Claire: I found that interesting too. I saw some students asking, isn't this critical reading? I thought we could talk about the processes. That shows you are able and have done the deeper reading. You were just skimming. You probably need to do the deeper read. It's a self-test. Can you chat about what you read afterwards? That's a good mark of critical reading. I know what I'm in for. To know whether it's relevant or whatever I'm hoping to work on. This study about distractions and online learning, they found that distractions are distractions and have negative impact on people's abilities while trying to study at the same time. I'll go over the first page on my own, focus on what the main intention of the study is. I want to come back to the working up establishing why the study is relevant. If I'm just here for the take aways, then I might sort of skim through that and focus on the thesis.

Michael: I would approach this a similar way to Claire by reading the abstract. The goal is to be sure it's suitable for what I need it for. In doing so, you gather a lot of research. Part of initially approaching a piece is determining whether or not it's going to be useful to you. It turns out they are approaching from a different perspective, these elements make it less applicable than the work you are doing. Saying this piece is not useful for me and discarding it saves you a ton of time. I approach a piece of reading and start to read critically. I start with the abstract and go to the introduction. I would see what they actually found. If all of that sounds good, I would then go read the whole piece.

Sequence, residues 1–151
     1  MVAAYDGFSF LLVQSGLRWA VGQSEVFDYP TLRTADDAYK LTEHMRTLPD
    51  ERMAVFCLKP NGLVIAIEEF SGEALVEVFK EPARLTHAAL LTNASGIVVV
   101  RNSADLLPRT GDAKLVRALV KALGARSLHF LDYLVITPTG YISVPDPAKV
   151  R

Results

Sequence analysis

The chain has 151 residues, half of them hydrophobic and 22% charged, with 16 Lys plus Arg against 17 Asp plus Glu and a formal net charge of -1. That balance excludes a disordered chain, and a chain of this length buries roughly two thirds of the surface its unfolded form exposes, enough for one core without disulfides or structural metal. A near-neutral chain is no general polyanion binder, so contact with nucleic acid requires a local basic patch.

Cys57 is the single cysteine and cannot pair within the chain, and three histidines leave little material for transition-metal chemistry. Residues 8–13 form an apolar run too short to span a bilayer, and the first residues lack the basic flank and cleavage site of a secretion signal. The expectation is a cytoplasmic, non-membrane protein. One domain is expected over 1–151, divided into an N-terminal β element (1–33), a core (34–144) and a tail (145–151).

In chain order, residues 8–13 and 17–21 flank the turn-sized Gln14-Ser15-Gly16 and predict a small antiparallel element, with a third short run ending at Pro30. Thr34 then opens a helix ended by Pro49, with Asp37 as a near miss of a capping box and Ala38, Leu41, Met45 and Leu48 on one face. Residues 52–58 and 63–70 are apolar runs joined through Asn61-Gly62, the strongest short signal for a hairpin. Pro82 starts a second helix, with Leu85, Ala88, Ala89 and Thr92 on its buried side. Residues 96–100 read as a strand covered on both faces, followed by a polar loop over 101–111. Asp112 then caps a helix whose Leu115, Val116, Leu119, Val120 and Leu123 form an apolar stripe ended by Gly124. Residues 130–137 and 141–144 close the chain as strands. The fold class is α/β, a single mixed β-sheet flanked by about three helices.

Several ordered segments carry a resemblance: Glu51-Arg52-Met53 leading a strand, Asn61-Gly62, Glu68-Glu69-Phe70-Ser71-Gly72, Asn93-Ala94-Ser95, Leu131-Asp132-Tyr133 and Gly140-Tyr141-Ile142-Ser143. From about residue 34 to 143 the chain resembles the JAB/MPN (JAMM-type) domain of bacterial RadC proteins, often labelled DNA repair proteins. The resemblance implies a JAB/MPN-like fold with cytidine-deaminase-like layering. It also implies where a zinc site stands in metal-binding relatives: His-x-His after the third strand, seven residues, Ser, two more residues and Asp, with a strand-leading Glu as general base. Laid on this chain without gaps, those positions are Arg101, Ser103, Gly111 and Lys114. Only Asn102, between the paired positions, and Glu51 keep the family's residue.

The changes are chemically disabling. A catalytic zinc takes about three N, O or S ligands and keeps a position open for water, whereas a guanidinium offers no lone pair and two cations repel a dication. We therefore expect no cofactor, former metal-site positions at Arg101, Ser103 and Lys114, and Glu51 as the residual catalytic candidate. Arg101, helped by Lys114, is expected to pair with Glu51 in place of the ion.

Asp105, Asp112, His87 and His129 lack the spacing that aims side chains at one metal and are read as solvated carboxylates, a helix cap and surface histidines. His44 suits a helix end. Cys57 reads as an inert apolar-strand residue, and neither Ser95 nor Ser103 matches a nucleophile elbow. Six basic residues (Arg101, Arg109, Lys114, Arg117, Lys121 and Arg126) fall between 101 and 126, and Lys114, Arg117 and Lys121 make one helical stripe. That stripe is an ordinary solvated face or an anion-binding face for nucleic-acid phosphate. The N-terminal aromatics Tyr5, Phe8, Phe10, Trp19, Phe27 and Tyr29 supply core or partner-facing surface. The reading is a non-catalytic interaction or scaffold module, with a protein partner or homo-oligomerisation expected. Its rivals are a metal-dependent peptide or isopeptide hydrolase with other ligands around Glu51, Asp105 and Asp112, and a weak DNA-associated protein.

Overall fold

Kacy: Thank you, Claire. I'm excited about this webinar and article. Someone is mentioning all of the numbers and detail. I did mention when you are reading critically that detail is very important. I don't have specific numbers, so those make me frightened of what is going on in the paper and I feel like I don't understand. To make it less frightening to me, to highlight it. This is a specific number. Then again, Claire mentioned in the chat as well, depending on the argument, I want to make the specific numbers really important. I think Claire has something to say before I change the subject.

Claire: Yeah, what I was talking about that the numbers might be important, I have seen that you need to write about a particular type of study. If you need to write a statistics course, for example, that numerical data is going to be important. The assignment might be asking for that, or a literature review for the project, then you might want to pay more attention to the type of data being produced here. You want to save this one because it has nice quantitative data for you.

Kacy: Thanks for adding that, Claire. Michael, go ahead.

Michael: I was going to piggyback off of what you said,  Kacy. It's the minutia of the data. When I see in the abstract, 60%, all of that, I kind of turn off my brain there. The larger study, the larger findings here.

Claire: And, what is nice is, as I scroll us through a bit, there are different sections that tell us what they are telling us about, right. I would probably skim this section, and focus in on the discussion and the results so I can understand the numbers. And also, that’s what I’m probably going to want to paraphrase more, that discussion of the information—we’re talking about all distractions and learning. That's an important thing I want to focus in on. This is dependent on what I'm using it for. I pull out to be sure I'm understanding things correctly. Statistics isn't my strong suit. I stop on the results to make sure I understand what the take aways were.